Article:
The excretion of tetracycline HCl in sputum was studied in 42 hospital patients suffering from various respiratory disorders who were receiving oral tetracycline therapy of 1·0 gram daily in divided doses.
The tetracycline levels were estimated biologically by a cup-plate agar diffusion method using B. cereus. Two separate methods of sputum homogenization are described: enzymic liquefaction with pronase, a powerful proteolytic enzyme, and ultracentrifugation at 103,000 g for three hours which sediments the viscous mucoids leaving 80-90% as a clear, non-viscous supernatant. The two methods allowed duplicate assays on sputum samples and generally showed close agreement. The ultracentrifugation technique is favoured for normal purposes because of its simplicity and the avoidance of any biochemical interference.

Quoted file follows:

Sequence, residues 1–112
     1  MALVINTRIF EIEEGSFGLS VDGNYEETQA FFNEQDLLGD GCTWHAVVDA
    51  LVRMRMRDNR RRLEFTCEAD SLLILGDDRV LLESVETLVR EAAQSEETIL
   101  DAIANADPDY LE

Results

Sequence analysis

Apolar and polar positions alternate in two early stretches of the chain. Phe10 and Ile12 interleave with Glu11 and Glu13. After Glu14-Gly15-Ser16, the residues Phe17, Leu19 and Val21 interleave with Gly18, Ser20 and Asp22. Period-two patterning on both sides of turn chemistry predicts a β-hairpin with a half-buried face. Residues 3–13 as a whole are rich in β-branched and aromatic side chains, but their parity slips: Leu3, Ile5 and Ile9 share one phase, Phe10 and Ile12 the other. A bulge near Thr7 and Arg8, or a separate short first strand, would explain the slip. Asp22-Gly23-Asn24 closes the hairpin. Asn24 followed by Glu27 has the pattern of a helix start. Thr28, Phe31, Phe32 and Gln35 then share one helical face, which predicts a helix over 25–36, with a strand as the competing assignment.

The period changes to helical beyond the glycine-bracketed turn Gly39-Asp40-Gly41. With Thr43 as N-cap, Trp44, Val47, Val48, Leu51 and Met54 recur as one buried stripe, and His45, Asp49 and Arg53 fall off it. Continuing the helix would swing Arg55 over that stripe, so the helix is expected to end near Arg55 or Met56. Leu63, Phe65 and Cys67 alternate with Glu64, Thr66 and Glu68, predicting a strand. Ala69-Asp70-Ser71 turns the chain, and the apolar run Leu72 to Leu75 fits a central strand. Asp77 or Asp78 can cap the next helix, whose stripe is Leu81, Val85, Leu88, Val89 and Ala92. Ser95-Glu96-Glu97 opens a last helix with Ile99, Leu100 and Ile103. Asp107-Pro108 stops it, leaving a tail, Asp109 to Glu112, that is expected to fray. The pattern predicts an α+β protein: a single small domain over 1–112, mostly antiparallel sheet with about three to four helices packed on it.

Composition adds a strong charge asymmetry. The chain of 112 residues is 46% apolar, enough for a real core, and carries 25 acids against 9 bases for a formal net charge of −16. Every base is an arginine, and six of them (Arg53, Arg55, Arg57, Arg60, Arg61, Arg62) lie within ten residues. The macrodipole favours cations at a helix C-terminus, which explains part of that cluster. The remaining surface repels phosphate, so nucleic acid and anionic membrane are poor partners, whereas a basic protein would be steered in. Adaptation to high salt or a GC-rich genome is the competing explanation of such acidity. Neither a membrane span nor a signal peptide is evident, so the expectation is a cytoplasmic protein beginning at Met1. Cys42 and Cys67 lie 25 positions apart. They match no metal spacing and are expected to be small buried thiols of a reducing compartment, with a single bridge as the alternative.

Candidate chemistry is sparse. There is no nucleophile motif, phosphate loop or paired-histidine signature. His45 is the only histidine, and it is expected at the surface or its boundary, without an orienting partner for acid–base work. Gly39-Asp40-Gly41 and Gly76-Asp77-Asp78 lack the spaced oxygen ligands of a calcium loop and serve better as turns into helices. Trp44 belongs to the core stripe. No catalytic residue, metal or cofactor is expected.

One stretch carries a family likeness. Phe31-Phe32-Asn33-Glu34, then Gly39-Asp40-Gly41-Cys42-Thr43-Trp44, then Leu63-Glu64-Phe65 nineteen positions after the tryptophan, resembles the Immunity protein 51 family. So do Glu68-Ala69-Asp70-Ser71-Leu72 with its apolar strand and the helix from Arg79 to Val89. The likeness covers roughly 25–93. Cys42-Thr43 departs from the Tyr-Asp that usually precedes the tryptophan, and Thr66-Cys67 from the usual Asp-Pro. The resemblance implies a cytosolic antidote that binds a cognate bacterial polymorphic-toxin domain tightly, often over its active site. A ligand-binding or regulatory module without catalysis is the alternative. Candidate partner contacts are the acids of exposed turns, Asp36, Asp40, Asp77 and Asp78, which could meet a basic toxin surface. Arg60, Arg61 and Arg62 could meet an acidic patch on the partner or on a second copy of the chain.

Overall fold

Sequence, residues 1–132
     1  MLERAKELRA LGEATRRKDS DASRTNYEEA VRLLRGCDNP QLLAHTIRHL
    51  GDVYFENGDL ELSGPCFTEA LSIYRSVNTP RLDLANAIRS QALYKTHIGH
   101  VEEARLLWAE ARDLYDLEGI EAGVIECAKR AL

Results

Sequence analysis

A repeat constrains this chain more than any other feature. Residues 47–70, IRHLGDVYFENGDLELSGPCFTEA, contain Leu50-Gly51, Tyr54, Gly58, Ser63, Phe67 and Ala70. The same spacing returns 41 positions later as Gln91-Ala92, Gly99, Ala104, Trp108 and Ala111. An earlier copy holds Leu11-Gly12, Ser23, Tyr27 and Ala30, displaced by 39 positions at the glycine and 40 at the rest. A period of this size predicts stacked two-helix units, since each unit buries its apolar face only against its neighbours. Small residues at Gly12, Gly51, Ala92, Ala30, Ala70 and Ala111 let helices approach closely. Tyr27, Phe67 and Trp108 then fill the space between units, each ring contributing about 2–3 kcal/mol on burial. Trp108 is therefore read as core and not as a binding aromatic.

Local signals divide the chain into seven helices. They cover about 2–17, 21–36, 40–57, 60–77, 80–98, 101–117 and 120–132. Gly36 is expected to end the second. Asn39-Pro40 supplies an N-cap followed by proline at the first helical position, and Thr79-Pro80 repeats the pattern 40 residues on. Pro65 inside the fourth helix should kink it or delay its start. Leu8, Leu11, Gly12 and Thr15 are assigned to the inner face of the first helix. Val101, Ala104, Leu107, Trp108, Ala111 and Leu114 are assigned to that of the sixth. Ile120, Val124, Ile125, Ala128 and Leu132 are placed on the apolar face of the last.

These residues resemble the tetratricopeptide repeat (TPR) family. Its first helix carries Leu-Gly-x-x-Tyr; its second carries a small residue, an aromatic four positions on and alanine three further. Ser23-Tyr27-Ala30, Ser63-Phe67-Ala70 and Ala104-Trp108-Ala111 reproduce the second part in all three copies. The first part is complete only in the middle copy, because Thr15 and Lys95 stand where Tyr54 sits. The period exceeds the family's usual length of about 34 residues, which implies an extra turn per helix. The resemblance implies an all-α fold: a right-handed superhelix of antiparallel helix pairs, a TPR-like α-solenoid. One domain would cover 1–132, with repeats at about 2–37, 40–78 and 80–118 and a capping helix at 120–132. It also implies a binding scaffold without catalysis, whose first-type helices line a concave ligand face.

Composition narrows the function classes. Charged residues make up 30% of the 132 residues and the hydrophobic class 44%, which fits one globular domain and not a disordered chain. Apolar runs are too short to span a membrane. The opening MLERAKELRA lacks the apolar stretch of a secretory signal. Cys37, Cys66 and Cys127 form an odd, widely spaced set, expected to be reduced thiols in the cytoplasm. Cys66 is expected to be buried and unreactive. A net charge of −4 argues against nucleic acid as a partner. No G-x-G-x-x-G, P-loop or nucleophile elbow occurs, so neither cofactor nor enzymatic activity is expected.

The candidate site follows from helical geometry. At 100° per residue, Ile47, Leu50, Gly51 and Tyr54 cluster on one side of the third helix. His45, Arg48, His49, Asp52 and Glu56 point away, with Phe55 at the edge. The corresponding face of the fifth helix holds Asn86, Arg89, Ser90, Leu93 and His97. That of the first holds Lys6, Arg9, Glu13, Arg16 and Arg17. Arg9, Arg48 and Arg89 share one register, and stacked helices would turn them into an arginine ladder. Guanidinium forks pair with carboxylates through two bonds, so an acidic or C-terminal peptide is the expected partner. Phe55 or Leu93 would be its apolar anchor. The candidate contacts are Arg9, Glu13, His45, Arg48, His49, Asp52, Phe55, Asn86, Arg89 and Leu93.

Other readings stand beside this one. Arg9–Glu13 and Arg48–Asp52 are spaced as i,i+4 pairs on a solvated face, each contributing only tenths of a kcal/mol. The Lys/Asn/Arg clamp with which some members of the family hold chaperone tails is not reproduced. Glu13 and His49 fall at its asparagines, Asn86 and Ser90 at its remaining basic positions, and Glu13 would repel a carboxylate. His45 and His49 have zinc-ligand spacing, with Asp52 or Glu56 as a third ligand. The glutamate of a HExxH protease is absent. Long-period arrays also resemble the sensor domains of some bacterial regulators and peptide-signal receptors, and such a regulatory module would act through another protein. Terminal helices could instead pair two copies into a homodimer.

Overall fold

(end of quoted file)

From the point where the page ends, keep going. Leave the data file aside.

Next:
A close correlation was shown between the tetracycline levels in sputum samples and the average serum level for each patient. Over the serum tetracycline range 1·0-5·0 μg/ml, the mean sputum tetracycline levels after centrifugation were 23-18%, and the average level was 0·50 μg/ml.
The levels found in sputum were compared with the minimum inhibitory concentration of tetracycline for strains of H. influenzae and Strep. pneumoniae. Eighty-six percent of 29 H. influenzae strains tested and all Strep. pneumoniae strains tested were sensitive to 0·5 μg/ml tetracycline. The remaining H. influenzae strains had a minimum inhibitory concentration of 1·0 μg/ml or higher, a tetracycline level in sputum which appeared to be outside the mean range at the oral dosage of 1·0 gram daily.
Hence it is suggested that a small proportion of patients with lower respiratory tract infections due to H. influenzae would be unresponsive, or only partially responsive, to this usual therapeutic range of tetracycline.
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